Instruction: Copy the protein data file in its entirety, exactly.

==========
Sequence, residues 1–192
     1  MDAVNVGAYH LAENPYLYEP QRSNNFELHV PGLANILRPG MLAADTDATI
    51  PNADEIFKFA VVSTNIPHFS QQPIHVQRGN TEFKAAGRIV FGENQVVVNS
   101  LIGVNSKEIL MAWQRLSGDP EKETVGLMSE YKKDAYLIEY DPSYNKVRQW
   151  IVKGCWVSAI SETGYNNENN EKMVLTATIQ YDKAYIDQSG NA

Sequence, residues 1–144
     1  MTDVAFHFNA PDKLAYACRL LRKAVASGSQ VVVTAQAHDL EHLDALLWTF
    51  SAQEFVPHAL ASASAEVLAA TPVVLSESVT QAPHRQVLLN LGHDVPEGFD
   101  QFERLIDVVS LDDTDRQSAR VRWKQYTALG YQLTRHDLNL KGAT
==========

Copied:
Sequence, residues 1–192
     1  MDAVNVGAYH LAENPYLYEP QRSNNFELHV PGLANILRPG MLAADTDATI
    51  PNADEIFKFA VVSTNIPHFS QQPIHVQRGN TEFKAAGRIV FGENQVVVNS
   101  LIGVNSKEIL MAWQRLSGDP EKETVGLMSE YKKDAYLIEY DPSYNKVRQW
   151  IVKGCWVSAI SETGYNNENN EKMVLTATIQ YDKAYIDQSG NA

Sequence, residues 1–144
     1  MTDVAFHFNA PDKLAYACRL LRKAVASGSQ VVVTAQAHDL EHLDALLWTF
    51  SAQEFVPHAL ASASAEVLAA TPVVLSESVT QAPHRQVLLN LGHDVPEGFD
   101  QFERLIDVVS LDDTDRQSAR VRWKQYTALG YQLTRHDLNL KGAT